What is cDAI?


If you have spent any amount of time on DeFi or other interest earning platform for crypto, then you have likely seen something called cDai. It’s not quite Dai, but it’s pretty similar to Dai. 

Anyway, this article will cover everything that you need to know about cDai and why it’s become such a big deal recently. We will also cover all the other various cryptocurrencies that use c- as a prefix.

cDAI Explained

cDai is actually a very simple concept. It’s the token issued by Compound Finance when a user deposits Dai onto the lending platform. The ratio of cDAI to Dai is approximately 50 cDAI to every Dai on the platform, which does a good job at keeping the price of cDAI at a relatively steady $.02.

This is convenient. However, the function of cDai is not to be a stablecoin. Instead, cDai is supposed to increase in value as Compound collects more Dai. For instance, at the moment 1 Dai will buy 50 cDai, but over time 1 Dai will only be able to buy 40 cDai. 

The 50 cDai purchased with 1 Dai will still exist, so the value of it will increase.

What makes cDai so much more convenient is that it’s an ERC-20 token. This means that instead of the tokens existing locked away on Compound Finance they are free to move about anywhere an ERC-20 token can go. 

This means that cDai token can go anywhere on Ethereum, which brings us to our next point about what makes cDai so great.

The Use for cDai

The main use for cDai has turned into placing it into a liquidity pool on Uniswap. This allows the user to collect interest from the liquidity pool in addition to gaining some appreciation on the value of cDai due to the nature of cDai. 

It’s a great system, really. Additionally, it’s also one of the safer ways to earn some interest without worrying about losing value on the cryptocurrency itself.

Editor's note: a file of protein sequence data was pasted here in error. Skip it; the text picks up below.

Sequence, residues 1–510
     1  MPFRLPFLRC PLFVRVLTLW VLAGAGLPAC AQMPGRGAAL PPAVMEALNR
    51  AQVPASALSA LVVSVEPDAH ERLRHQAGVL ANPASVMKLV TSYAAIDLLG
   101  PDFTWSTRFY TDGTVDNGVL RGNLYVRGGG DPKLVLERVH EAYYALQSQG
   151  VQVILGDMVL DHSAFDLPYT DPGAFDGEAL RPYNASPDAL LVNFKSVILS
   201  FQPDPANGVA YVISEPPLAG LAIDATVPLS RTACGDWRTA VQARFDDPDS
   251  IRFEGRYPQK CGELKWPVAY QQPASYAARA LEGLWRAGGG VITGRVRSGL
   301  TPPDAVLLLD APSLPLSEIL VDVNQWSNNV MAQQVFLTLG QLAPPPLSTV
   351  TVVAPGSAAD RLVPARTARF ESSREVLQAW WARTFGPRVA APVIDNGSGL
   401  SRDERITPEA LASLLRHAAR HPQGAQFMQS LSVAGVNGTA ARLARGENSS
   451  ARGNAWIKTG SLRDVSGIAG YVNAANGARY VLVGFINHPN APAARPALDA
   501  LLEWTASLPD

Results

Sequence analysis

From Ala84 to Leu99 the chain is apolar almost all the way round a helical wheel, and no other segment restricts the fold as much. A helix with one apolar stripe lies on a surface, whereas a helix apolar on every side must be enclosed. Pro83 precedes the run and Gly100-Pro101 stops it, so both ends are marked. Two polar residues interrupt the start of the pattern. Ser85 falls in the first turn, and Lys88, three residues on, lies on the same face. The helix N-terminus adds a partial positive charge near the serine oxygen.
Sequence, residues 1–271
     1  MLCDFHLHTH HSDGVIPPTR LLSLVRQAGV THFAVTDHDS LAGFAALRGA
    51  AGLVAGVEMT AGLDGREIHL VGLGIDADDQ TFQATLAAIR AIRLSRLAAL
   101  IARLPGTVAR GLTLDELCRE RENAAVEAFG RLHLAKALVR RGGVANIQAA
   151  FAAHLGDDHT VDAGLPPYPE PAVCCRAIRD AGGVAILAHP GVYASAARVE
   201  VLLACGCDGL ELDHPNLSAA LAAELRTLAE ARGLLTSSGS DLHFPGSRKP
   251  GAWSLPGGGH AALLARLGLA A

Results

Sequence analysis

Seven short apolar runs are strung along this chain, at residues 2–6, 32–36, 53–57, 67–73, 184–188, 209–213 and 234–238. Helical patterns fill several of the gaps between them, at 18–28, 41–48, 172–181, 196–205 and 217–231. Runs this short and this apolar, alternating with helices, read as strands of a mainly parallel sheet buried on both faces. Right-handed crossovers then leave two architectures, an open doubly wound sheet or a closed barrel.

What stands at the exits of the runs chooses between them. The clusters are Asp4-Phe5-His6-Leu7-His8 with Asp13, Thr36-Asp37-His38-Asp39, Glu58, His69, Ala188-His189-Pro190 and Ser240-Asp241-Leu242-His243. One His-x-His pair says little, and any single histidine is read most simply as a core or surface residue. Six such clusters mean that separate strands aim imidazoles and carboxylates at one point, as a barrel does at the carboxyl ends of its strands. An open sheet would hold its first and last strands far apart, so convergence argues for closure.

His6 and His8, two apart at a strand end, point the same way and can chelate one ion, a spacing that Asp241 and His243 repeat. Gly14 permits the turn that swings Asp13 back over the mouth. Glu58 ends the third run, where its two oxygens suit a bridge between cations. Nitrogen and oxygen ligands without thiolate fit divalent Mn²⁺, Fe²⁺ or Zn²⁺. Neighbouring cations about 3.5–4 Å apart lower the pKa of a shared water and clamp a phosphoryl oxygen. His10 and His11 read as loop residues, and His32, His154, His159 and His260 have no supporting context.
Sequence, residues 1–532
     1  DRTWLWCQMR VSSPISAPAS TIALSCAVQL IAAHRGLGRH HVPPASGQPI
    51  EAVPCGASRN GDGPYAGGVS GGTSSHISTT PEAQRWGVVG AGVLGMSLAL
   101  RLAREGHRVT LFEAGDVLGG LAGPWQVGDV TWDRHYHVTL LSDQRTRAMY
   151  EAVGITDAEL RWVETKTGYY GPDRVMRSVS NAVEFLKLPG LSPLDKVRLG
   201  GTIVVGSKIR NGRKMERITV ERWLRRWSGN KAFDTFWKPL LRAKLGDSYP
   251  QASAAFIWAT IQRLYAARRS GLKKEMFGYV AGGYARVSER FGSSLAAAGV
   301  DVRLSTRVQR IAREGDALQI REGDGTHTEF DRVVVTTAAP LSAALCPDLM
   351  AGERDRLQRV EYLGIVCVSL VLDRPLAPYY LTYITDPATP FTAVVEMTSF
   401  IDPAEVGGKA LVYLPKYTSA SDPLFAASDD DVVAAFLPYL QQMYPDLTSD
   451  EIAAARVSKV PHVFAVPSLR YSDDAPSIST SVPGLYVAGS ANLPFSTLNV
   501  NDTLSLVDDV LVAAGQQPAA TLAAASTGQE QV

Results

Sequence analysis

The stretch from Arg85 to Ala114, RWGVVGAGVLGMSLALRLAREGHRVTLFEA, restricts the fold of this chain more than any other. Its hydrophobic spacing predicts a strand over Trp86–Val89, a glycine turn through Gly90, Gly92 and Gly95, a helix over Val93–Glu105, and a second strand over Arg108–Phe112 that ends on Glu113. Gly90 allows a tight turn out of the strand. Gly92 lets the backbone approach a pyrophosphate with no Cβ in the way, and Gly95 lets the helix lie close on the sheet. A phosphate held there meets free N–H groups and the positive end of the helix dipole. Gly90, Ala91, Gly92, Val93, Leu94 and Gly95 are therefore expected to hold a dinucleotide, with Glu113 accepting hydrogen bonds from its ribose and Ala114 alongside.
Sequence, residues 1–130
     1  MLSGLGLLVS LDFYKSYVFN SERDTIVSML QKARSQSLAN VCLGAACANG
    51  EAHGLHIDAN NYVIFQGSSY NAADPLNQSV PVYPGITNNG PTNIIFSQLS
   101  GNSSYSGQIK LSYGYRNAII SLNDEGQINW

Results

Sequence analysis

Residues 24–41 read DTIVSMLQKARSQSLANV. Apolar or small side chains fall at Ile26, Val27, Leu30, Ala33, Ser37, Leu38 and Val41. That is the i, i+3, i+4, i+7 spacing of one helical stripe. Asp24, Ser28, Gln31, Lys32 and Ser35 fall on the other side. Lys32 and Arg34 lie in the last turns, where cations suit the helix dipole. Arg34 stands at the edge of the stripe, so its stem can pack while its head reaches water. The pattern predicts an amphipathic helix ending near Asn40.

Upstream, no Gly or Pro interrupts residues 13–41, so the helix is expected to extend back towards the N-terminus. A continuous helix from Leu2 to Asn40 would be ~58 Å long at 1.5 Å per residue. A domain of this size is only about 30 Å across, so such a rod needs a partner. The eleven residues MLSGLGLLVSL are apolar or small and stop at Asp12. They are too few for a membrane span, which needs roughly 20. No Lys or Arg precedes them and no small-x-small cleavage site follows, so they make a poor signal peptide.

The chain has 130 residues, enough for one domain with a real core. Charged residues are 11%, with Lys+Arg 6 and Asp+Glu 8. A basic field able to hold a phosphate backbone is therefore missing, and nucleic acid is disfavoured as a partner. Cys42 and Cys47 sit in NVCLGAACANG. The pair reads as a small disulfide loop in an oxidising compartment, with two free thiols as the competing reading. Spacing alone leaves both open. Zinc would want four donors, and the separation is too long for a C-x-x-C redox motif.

15% interest is not so nice if the value of the cryptocurrency drops by 50%.


What is Compound Finance?

It would not be right to discuss cDai without discussing the protocol that creates cDai – Compound Finance. 

First, Compound Finance is a decentralized cryptocurrency lending platform. A user can borrow cryptocurrency or they can deposit cryptocurrency on the platform to lend out. 

Borrowing is as easy as depositing a cryptocurrency as collateral and taking out a loan. Of course, there is a capitalization requirement based on the cryptocurrency. For instance, if Dai has a capitalization requirement of 70%, then this means that you can take a loan (in another cryptocurrency) of 70% of the value of the Dai you deposited.

Now, the bigger draw to Compound Finance, in our opinion, is that users can earn interest on the protocol by providing liquidity.

This is where the c-tokens mentioned earlier enter the picture. Here’s an example of how it works.

Bob deposits 100 Dai onto Compound Finance to earn interest. Bob receives 5,000 cDai (1 Dai = 50 cDai) in exchange. 

A few months later the value of cDai has increased and 1 Dai only buys 40 cDai. Bob then decides to exchange his 5,000 cDai for 125 Dai. 

That’s the basic concept of Compound Finance. It’s not really a difficult concept to understand, and it’s a great way to earn some interest on your crypto or to take out a loan by using your crypto as collateral.

Final Thoughts

That about sums it up for what cDai is – it’s simply a tokenization of a deposit’s value on Compound Finance. It’s not a particularly difficult concept to understand, but it’s one of the main differences between decentralized finance (DeFi) and traditional finance. 

Additionally, as has been shown with cDai holders earning interest by providing liquidity on Uniswap, the token gives holders much more flexibility than a traditional bank. 

Give a Comment